Skip to main content

Black bear killed in SE Minnesota after it became 'aggressive'

  • Author:
  • Updated:

Officials in southeastern Minnesota were forced to euthanize a black bear that became aggressive towards authorities.

The Fillmore County Sheriff's Office was called to a Chatfield home around 9 p.m. Sunday after someone spotted a bear, according to reports.

A 200-pound adult male black bear was in a tree at the home when officers arrived, and they used lights and noise to get the bear down, the Winona Daily News reports.

But the animal wouldn't leave the area like most bears would have, and it "got a little aggressive, barking and popping its teeth," Mitch Boyum, a conservation officer with the Minnesota Department of Natural Resources, told the Rochester Post Bulletin.

Officials said they couldn't just let the bear be, because it could have wandered into town or caused other problems, with Boyum noting they didn't want to shoot him but it was their safest option, the paper adds.

WCCO says both a DNR officer and a sheriff’s deputy shot the bear simultaneously.

This wasn't the first time someone in the area had complained about a bear, with the sheriff's office telling ABC 6 they've gotten calls about bears in their backyard and on porches over the past few days.

Officials believe it was probably the same bear that was killed Sunday, the Winona Daily News reports.

One resident snapped this photo:

Black bears in Minnesota

Black bears are the only species of bear in Minnesota, according to the DNR, and generally live in forested areas in the central and northeastern parts of the state (see the map at right).

Conflicts between people and bears is rare because the animals generally try to avoid people. But these incidents have increased in recent years as more people build homes and cabins in northern Minnesota, the DNR says.

Contact between humans and bears usually comes when the animal is looking for food, according to the DNR. And when the bear finds it, the animal usually returns there regularly.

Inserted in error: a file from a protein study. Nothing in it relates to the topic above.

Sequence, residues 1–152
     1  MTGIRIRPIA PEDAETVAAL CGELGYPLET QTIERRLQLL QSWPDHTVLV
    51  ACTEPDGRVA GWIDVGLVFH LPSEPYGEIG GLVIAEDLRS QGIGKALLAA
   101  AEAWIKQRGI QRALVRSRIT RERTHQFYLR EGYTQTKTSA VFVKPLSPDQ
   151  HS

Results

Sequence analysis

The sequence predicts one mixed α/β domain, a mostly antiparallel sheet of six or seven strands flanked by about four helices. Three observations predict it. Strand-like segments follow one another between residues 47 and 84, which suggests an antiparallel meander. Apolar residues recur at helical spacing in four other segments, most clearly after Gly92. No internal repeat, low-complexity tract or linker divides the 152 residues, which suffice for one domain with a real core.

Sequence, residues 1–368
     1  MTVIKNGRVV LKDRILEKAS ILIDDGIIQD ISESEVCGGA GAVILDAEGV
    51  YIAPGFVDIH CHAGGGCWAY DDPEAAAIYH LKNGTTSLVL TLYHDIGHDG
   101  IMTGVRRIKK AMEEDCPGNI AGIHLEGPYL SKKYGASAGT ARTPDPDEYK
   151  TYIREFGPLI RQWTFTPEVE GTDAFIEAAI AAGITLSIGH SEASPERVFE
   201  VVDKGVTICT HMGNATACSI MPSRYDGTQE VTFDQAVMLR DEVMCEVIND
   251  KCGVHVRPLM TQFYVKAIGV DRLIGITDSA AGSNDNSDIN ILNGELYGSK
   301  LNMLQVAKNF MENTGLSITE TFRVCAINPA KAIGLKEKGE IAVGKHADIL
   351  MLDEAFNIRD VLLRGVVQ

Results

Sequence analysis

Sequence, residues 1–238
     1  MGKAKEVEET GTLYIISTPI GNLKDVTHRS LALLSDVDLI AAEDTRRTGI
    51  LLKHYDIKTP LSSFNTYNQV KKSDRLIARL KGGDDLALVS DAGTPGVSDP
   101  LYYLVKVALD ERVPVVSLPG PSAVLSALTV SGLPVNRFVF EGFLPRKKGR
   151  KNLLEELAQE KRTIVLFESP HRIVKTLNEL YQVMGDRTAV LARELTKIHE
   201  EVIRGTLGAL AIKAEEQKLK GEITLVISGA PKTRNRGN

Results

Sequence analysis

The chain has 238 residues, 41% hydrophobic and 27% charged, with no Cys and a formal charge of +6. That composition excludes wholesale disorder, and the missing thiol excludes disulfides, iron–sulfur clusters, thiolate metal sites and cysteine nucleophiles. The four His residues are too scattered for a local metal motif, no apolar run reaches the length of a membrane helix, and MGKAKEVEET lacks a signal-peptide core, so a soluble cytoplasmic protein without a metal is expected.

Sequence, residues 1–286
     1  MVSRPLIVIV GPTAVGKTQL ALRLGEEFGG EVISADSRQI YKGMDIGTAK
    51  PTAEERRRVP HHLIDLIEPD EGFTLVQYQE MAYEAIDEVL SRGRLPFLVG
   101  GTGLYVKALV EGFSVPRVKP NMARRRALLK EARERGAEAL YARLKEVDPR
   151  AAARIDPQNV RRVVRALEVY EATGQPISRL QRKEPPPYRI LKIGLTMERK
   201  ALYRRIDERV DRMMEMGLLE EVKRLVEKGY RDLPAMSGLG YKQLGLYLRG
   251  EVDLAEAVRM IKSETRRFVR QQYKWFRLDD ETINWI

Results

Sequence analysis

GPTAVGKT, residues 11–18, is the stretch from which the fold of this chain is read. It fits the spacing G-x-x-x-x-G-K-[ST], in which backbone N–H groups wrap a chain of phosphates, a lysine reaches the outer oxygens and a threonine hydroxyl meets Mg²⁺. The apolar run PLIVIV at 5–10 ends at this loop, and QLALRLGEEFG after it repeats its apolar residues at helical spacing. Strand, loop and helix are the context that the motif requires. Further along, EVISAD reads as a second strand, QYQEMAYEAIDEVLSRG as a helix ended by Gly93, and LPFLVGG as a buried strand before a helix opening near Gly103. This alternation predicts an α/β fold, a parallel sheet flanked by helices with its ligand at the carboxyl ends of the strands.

This can become a problem for residents, which is why the DNR offers tips to prevent "problem bears" on its website. Click here for more.

In a news release this spring, the DNR said it doesn't relocate "problem bears" because the animals rarely stay where they're released. The bears may return to where they were captured or become a problem elsewhere, the agency noted.

Next Up

Screen Shot 2022-10-01 at 10.18.12 AM

3 St. Paul fast food restaurants robbed in space of an hour

The thieves struck between 7:15 p.m. and 8 p.m.

Screen Shot 2022-10-01 at 9.06.40 AM

What to do with the Kmart site? Minneapolis wants your ideas

The project will connect Nicollet Avenue south of Lake street and north of the Midtown Greenway, reestablishing a street grid.

Screen Shot 2022-10-01 at 7.53.55 AM

Crowd evacuated at end of homecoming football game in Brooklyn Park

Police blamed 'unruly teens' in the stands and some who were trying to enter the stadium.


State to help 44 Minnesota gas stations add E15 pumps

The yellow 88 button is coming to more gas stations in Minnesota.

Screen Shot 2022-09-30 at 4.54.42 PM

FBI, police investigating bank robbery at Edina's 50th and France

An ATM technician was robbed by four men at a U.S. Bank.

Ethan Glynn

Paralyzed Bloomington football player begins rehabilitation in Colorado

Ethan Glynn is at a world-renowned rehabilitation hospital.

Press Bar fire

Owner of St. Cloud bar gets 6 years for arson, ordered to repay $3M

A February 2020 fire at the Press Bar and Parlor was later determined to be an insurance job.


Bloomington, Richfield districts tighten security ahead of weekend football

Enhanced safety measures will be in place this weekend.

Screen Shot 2022-09-30 at 2.23.15 PM

Walz sends MN first responders to help with hurricane recovery in Florida

Eight members of the Minnesota All Hazards Incident Management Team will travel to Florida.


Minnesota Zoo opens exhibit for iconic black bears

Decades after the question was first raised about whether to display one of the enduring symbols of the Minnesota woods, three black bears have arrived at the Minnesota Zoo in a new exhibit that opens Saturday.

Black bear struck and killed in north Twin Cities metro

A Lino Lakes man told the Star Tribune he was driving home from the Minnesota Twins game Monday night when he collided with a full-grown bear. The 27-year-old says he was traveling about 60 miles per hour in his Volkswagen Jetta when he hit the animal.